Coming the night before Bragging Rights is UFC 121. Now not only is UFC a PPV juggernaut, in fact, the only PPV juggernaught, and not only is it the night before a WWE PPV, but the UFC 121 card is also being headlined by the current UFC Heavyweight Champion and former WWE Heavyweight Champion, Brock Lesnar. The last time Brock Lesnar fought on PPV it drew a massive 1.16 million buys, UFC's 2nd biggest number ever, and the 2nd biggest PPV of 2010 so far, behind only the Mayweather-Mosley boxing match.

The last time WWE held a PPV in the same week as UFC was Wrestlemania which of course failed to do a million buys, it doesn't necessarily follow that the direct competition was what caused the disappointing number, lord knows WWE has managed to do bad numbers all year, competition or not. However that UFC 111 event did 850,000 buys, which will probably be 20-25% lower than this upcoming UFC PPV, and it also did not feature WWE alumnus Brock Lesnar. When asked to pay out $45 twice in one weekend, you have to factor in the dent that will be made by those opting for the UFC offering.

Not every viewer is interested in UFC of course, and not all those that are will be keen to splash out on PPVs in the current economic climate, luckily for them half an hour before Bragging Rights starts on Sunday is game 7 of the National League Championship Series between the Phillies and the Giants. The Phillies are reigning National League champs and were runners up in the 2009 World Series, and this deciding game will see who goes on to this year's World Series. But it's not like one of these teams comes from a city that is a wrestling hotbed like... Philadelphia or somewhere... oh wait.

Even worse Sunday night also sees the broadcast of a Vikings - Packers NFL match, the same league that has been kicking ass in cable ratings the past month.

1 - PPV Buys/TV Ratings Generally Down.

Several times in the last few weeks Monday Night Raw has dipped below the 3.0 mark in the face of stiff competition from NFL games. The Raw rating the week of Wrestlemania was also surprisingly low and many people wrote it off with the contention that WWE would be making a bunch of money that Sunday, which they did, although less than they wanted, and that a point in the ratings here and there didn't really matter. This is true to a degree, but it's a cause for concern when the product is not engaging the audience to a point where the final show before a big event is failing to attract viewers.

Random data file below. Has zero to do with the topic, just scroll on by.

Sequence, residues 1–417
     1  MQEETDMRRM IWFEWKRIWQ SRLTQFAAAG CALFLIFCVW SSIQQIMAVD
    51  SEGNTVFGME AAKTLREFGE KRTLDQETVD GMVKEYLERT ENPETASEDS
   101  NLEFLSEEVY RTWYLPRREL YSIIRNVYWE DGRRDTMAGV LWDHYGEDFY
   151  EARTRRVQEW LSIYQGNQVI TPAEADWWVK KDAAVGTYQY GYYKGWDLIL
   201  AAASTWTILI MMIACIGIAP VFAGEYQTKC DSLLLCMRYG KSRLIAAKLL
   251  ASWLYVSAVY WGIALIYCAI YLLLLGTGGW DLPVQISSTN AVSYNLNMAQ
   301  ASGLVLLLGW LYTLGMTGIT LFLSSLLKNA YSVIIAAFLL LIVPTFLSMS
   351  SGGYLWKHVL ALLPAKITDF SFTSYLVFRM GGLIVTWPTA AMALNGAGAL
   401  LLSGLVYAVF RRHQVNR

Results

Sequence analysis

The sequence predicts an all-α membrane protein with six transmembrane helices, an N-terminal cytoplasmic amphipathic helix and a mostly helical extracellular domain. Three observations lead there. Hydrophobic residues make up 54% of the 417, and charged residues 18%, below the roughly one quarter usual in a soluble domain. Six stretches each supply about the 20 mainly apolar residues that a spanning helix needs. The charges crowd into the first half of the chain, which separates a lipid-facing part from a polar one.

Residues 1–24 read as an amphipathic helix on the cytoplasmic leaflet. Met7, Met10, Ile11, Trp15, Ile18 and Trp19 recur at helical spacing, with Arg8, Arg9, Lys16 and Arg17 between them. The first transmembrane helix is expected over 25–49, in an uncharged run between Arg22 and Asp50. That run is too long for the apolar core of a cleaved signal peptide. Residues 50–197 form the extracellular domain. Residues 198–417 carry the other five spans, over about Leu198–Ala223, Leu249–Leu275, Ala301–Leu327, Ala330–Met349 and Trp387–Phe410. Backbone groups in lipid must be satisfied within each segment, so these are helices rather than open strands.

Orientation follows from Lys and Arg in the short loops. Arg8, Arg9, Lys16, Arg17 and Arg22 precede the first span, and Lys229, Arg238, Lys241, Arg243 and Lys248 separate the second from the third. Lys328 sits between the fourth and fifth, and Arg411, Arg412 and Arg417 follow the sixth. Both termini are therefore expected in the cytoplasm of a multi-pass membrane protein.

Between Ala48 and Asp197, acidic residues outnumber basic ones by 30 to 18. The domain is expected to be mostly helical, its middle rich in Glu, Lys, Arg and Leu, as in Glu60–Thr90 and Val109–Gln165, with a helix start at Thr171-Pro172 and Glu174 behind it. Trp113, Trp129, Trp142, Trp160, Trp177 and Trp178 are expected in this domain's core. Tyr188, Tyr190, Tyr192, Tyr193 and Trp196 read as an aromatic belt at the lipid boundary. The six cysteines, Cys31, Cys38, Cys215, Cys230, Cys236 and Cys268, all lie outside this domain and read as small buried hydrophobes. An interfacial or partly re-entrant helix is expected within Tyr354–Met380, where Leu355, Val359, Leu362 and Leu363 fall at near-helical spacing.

For people to spend what is a lot of money on a PPV they really have to be engaged and interested in the storylines and characters and falling ratings are an indicator that they aren't. What's important in terms of the PPV buys is the conversion rate, UFC's is very high, they don't have a regular TV show that does huge ratings, but when it comes to PPV they convert a very large percentage of their fans into PPV buys. WWE's is much smaller, and as the rating shrinks, so does the amount of viewers that they can convert to buyers.

Summerslam 2010 did around 350,000 buys, this is down 5% from last year and 35% from 2007, the other four PPVs since Wrestlemania for which information is available have all done under 200,000 buys, the worst of which was Fatal 4-way, which has the unenviable position of being the lowest bought WWE PPv since the previously mentioned ECW offering. TV ratings and buyrates have been trending down not only this year but for the past few years, along with boxing, wrestling on PPV has been left behind in the dust of Ultimate Fighting.

Joe Towner - October 2010

Paul Griffin